The article was based on a review published in the science journal Circulation, weighing up the current evidence and exploring the complexities involved in consumer-led screening for atrial fibrillation.
In the article they explore the issues and complexities involved in the use of wearables and other portable consumer devices to screen for atrial fibrillation – an irregular rhythm that can lead to strokes. Opportunistic screening for atrial fibrillation for people 65 years and over is currently recommended by Australian Heart Foundation guidelines.
The authors suggest that wearables have many benefits for consumers, who can record their own heart rhythms whenever they wish. They are also very useful as an ‘event monitor’ for anyone with symptoms. The technology can empower consumers and provide important heart information, but it does have limitations.
“Wearables can be useful for helping people to get an early diagnosis of atrial fibrillation. Some of the devices are very accurate – often over 95%,” said Dr Orchard.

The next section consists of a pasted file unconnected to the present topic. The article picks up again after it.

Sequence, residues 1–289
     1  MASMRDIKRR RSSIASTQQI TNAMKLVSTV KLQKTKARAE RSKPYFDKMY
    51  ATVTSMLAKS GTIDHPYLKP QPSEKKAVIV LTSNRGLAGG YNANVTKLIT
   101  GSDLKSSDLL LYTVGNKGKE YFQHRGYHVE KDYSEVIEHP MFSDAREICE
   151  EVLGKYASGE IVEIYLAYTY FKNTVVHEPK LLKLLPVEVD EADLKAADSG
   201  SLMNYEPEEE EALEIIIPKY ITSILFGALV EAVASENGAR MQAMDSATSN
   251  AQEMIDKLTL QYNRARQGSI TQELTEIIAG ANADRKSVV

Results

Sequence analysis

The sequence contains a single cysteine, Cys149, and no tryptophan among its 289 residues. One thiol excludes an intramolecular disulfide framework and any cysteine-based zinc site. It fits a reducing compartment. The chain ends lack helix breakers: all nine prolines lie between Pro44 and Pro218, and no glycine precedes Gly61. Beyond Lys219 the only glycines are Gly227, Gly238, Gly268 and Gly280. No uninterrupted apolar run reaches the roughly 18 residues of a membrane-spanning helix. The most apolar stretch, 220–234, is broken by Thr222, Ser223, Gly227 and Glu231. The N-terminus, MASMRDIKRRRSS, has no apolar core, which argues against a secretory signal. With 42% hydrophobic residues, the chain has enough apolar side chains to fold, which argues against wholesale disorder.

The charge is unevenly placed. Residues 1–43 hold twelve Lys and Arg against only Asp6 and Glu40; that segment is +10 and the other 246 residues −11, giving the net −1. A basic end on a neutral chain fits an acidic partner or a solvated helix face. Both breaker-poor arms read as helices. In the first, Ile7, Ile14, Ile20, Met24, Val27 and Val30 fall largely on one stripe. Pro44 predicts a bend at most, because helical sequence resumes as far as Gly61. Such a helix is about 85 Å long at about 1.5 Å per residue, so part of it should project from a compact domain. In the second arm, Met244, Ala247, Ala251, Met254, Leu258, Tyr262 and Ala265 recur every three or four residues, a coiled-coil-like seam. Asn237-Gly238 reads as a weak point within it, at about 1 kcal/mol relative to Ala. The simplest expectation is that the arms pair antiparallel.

“However, device manufacturers often don’t publish many details about the accuracy and performance of their devices in different populations, and even highly accurate devices, can and do give false positives. You will still need to see a doctor to confirm a diagnosis.”
Dr Orchard also says that many people who buy wearables are younger which is an added complication in determining management.
“We aren’t yet sure about what it means when a young person with few or no risk factors has a short episode of atrial fibrillation. Medical research in this area is still ongoing,” she said.
Overall says Dr Orchard, wearable heart monitoring technology is here to stay. We just have to make sure we understand the benefits and limitations.